In an interview with Task & Purpose, Bellavia recalled that the house where he fought insurgents was dark and filled with putrid water that flowed from broken pipes. The battle itself was an assault on his senses: The stench from the water, the darkness inside the home, and the sounds of footsteps that seemed to envelope him.
With the Imperial Japanese Army hot on his heels, Oscar Leonard says he barely slipped away from getting caught in the grueling Bataan Death March in 1942 by jumping into a choppy bay in the dark of the night, clinging to a log and paddling to the Allied-fortified island of Corregidor.
After many weeks of fighting there and at Mindanao, he was finally captured by the Japanese and spent the next several years languishing under brutal conditions in Filipino and Japanese World War II POW camps.
Now, having just turned 100 years old, the Antioch resident has been recognized for his 42-month ordeal as a prisoner of war, thanks to the efforts of his friends at the Brentwood VFW Post #10789 and Congressman Jerry McNerney.
McNerney, Brentwood VFW Commander Steve Todd and Junior Vice Commander John Bradley helped obtain a POW award after doing research and requesting records to surprise Leonard during a birthday party last month.
Hundreds of Marines will join their British counterparts at a massive urban training center this summer that will test the leathernecks' ability to fight a tech-savvy enemy in a crowded city filled with innocent civilians.
The North Carolina-based Kilo Company, 3rd Battalion, 8th Marines, will test drones, robots and other high-tech equipment at Muscatatuck Urban Training Center near Butlerville, Indiana, in August.
They'll spend weeks weaving through underground tunnels and simulating fires in a mock packed downtown city center. They'll also face off against their peers, who will be equipped with off-the-shelf drones and other gadgets the enemy is now easily able to bring to the fight.
It's the start of a four-year effort, known as Project Metropolis, that leaders say will transform the way Marines train for urban battles. The effort is being led by the Marine Corps Warfighting Laboratory, based in Quantico, Virginia. It comes after service leaders identified a troubling problem following nearly two decades of war in the Middle East: adversaries have been studying their tactics and weaknesses, and now they know how to exploit them.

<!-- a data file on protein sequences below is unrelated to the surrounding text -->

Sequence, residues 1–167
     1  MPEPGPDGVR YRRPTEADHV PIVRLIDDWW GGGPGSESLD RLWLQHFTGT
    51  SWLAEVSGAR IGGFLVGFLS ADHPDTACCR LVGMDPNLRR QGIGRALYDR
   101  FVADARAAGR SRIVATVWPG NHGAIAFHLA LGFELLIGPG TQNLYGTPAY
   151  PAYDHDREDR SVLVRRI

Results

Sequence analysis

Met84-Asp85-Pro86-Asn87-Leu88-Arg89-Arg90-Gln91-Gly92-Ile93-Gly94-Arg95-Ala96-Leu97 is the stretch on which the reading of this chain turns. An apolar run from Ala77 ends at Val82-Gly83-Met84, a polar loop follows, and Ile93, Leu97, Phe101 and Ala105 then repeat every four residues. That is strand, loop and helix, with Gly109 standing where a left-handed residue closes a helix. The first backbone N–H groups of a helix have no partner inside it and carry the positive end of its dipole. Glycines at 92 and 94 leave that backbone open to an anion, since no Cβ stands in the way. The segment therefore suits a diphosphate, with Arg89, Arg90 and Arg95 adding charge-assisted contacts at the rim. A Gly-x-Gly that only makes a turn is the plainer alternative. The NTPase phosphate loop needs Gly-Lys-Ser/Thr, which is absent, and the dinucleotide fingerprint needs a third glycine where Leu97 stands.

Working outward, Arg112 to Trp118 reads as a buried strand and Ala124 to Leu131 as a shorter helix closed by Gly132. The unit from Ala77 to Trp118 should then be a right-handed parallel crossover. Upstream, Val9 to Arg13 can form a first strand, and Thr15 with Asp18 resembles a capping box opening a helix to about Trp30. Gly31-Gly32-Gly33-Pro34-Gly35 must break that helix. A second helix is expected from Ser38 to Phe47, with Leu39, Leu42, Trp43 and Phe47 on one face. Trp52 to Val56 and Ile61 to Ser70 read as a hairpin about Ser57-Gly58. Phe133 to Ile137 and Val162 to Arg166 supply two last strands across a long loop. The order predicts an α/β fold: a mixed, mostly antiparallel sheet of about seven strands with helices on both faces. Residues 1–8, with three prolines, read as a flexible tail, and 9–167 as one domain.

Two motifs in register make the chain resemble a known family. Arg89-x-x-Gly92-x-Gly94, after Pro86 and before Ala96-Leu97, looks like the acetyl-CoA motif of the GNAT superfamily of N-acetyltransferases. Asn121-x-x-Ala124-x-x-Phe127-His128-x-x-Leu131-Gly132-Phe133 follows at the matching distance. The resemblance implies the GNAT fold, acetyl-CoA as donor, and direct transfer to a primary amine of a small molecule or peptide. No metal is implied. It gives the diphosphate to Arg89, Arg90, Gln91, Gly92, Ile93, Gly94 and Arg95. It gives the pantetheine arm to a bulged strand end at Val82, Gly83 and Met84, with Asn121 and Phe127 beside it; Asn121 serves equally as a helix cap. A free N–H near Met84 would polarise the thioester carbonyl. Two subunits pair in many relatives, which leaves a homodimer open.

WASHINGTON/RIYADH (Reuters) - President Donald Trump imposed new U.S. sanctions onIran on Monday following Tehran's downing of an unmanned American drone and said the measures would target Iranian Supreme Leader Ayatollah Ali Khamenei.
Trump told reporters he was signing an executive order for the sanctions amid tensions between the United States and Iran that have grown since May, when Washington ordered all countries to halt imports of Iranian oil.
Trump also said the sanctions would have been imposed regardless of the incident over the drone. He said the supreme leaders was ultimately responsible for what Trump called "the hostile conduct of the regime."
"Sanctions imposed through the executive order ... will deny the Supreme Leader and the Supreme Leader's office, and those closely affiliated with him and the office, access to key financial resources and support," Trump said.
While it can be difficult to peg down just how star-spangled a state is, one indicator is the rate at which citizens enlist in the military, especially during the United States' longest period of sustained conflict. At least, that's the thinking behind WalletHub's new study, 2019's Most Patriotic States in America.